|Yellow-billed Cuckoo reporting for duty|
In late winter I started finding egg masses from Gypsy Moths on some of our reforestation trees. The beige colored masses were found on a variety of the young trees, but they were mainly found on Oak Trees. I was removing the masses as I saw them, but what I didn't realize was that there were many more hidden inside the plastic tree protectors that we use on some of the young oaks. The eggs are not thought to survive temperatures below 20 degrees Fahrenheit and during the winter we did have some days well below that temperature, but evidently, there inside the tree protectors, the egg masses were sufficiently insulated from the cold and the eggs managed to survive.
|After the tree protector is pulled away, we find the egg masses|
|Among the eggs masses are the remains of the moths pupa|
|The young caterpillars feeding on Oak leaves|
|A young Gypsy Moth caterpillar on the underside of a Pin Oak leaf|
As a humane, organic and pesticide-free nature preserve (the only way to be if you want to safeguard your birds and insects), removing egg masses is about as far as I will go to directly combat these moths. My real hope is to enlist the assistance of 2 resident cuckoo species that have a well-known penchant for feeding on hairy caterpillars. In fact the Black-billed Cuckoo and the Yellow-billed Cuckoo are known for deliberately seeking out infestations of these caterpillars and then nesting in that vicinity.
|The Black-billed Cuckoo has a red ring of bare skin around its eyes|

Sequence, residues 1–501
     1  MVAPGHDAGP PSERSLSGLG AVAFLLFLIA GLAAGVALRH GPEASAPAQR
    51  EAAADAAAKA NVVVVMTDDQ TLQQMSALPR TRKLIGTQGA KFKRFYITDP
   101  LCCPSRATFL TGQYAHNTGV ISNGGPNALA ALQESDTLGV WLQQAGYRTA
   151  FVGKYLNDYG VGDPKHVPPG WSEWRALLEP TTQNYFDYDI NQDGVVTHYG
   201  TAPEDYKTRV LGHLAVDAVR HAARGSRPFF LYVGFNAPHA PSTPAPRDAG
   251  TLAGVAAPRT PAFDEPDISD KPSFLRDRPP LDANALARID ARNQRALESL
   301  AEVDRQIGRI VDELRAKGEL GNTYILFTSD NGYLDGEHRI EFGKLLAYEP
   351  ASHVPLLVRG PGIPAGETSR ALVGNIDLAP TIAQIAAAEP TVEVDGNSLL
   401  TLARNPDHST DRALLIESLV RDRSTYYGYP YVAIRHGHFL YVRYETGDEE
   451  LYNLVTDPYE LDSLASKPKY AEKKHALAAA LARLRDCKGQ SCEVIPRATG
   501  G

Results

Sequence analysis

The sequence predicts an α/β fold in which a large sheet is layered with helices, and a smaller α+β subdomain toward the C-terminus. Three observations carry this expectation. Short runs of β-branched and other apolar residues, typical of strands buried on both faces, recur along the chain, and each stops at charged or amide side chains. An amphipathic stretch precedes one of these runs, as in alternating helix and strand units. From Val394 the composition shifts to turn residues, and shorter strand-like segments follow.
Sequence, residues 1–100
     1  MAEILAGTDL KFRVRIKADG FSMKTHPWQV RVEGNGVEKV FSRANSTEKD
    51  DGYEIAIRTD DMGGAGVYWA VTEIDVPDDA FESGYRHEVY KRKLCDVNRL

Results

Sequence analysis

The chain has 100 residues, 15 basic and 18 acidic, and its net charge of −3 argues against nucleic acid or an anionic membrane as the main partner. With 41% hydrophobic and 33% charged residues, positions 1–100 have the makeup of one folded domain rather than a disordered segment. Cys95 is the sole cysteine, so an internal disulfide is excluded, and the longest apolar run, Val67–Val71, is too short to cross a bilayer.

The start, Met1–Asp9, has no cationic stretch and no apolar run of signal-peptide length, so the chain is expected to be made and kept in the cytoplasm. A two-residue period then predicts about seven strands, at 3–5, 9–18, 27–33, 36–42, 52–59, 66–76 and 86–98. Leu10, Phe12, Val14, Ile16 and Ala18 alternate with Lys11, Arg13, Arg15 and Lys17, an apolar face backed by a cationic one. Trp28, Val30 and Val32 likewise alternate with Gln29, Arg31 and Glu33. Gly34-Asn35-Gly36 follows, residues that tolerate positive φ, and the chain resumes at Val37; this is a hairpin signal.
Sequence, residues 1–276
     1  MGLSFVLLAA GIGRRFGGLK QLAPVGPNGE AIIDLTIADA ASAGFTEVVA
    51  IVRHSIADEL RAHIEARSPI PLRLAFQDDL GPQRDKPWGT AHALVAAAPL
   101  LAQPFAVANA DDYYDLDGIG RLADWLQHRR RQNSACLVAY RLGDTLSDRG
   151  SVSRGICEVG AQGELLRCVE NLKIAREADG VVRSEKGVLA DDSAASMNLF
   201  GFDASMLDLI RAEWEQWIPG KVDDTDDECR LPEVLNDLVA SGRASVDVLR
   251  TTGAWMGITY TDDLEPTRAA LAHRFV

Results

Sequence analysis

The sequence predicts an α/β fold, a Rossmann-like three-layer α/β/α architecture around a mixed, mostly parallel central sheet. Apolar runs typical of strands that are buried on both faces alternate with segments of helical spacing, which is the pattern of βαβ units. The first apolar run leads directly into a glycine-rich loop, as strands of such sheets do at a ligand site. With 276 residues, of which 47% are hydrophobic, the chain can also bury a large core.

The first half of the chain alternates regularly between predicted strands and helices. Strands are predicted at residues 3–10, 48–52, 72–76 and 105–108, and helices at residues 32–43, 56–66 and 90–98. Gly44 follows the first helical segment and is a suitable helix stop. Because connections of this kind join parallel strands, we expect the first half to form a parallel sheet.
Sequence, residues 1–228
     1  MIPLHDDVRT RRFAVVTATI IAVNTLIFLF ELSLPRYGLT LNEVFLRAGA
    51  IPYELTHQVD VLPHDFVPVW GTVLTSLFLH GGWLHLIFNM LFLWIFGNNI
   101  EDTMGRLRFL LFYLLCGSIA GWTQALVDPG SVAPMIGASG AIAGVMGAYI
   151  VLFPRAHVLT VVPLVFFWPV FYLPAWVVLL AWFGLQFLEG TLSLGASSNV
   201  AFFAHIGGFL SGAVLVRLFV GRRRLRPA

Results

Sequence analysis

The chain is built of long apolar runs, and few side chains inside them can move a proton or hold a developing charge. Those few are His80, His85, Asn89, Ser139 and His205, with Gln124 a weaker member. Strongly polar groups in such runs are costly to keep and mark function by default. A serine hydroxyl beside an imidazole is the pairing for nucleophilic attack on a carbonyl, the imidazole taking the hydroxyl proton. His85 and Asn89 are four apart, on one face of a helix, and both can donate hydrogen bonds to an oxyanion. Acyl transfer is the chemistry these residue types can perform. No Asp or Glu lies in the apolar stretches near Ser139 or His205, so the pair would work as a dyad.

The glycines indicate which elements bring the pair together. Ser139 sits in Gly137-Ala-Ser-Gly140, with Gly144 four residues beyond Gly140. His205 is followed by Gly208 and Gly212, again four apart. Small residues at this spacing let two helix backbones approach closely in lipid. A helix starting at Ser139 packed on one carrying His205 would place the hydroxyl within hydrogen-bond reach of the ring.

|The Yellow-billed Cuckoo has a distinctive yellow bill and lacks the red eye ring|
Most songbird species - even the seed and fruit eaters, switch to a high protein diet of insects during the breeding season. Certainly much of what they feed their nestlings consists of the larvae from a wide variety of insect species. What most birds avoid though are the hairy caterpillars. The hairs of the caterpillars irritate the digestive tracts of most birds and are therefore usually avoided by all except the cuckoos. The cuckoos have evolved digestive systems that can cope with the hairs of these caterpillars.
|Black-billed Cuckoo with a hairy tent caterpillar|
|An aggressive Yellow-billed Cuckoo defends its nest area|
At the preserve, I've had some experience with both cuckoo species and have even found a few of their nests. For breeding, the Black-billed seems to prefer overgrown meadows and orchard type habitat, while the Yellow-billed prefers more heavily wooded areas. Their nests are very similar - they are shallow, disk like structures made primarily from long twigs. They actually look pretty flimsy and so it's probably a good thing that the female only lays one or 2 eggs.
|The Yellow-billed Cuckoo's nest is a bit like a colander made of sticks|
|The Black-billed Cuckoo sits on her nest|
The Yellow-billed seemed to be more aggressive in defending their nest site. Before I even knew there was a nest, I was accosted by one of the frantic patents which proceeded to put on quite a show in front of me - pivoting back and forth with its long spotted tail, diving from branch to branch and occasionally stopping to give its “tapping on wood” type call, which I have to say – as an alarm call, it’s rather on the subtle side.
|The tail of the Yellow-billed is characterized by large white spots|
|The Black-billed Cuckoo's white tail spots are much less prominent|
Over a century ago, John Bartlett Wicks (1836-1915), a local naturalist writer, compared the posture of our cuckoos and the way they moved through tree branches to Passenger Pigeons – a long extinct bird species that Wicks had extensive experience with during his lifetime. The Passenger Pigeons were of a similar size and shape to the cuckoos – and they also shared the behavior of laying only 1 or 2 eggs each season.
|A young Black-billed Cuckoo nestlings waits to be fed|
|An immature Black-billed Cuckoo - its eye ring isn't quite that red yet|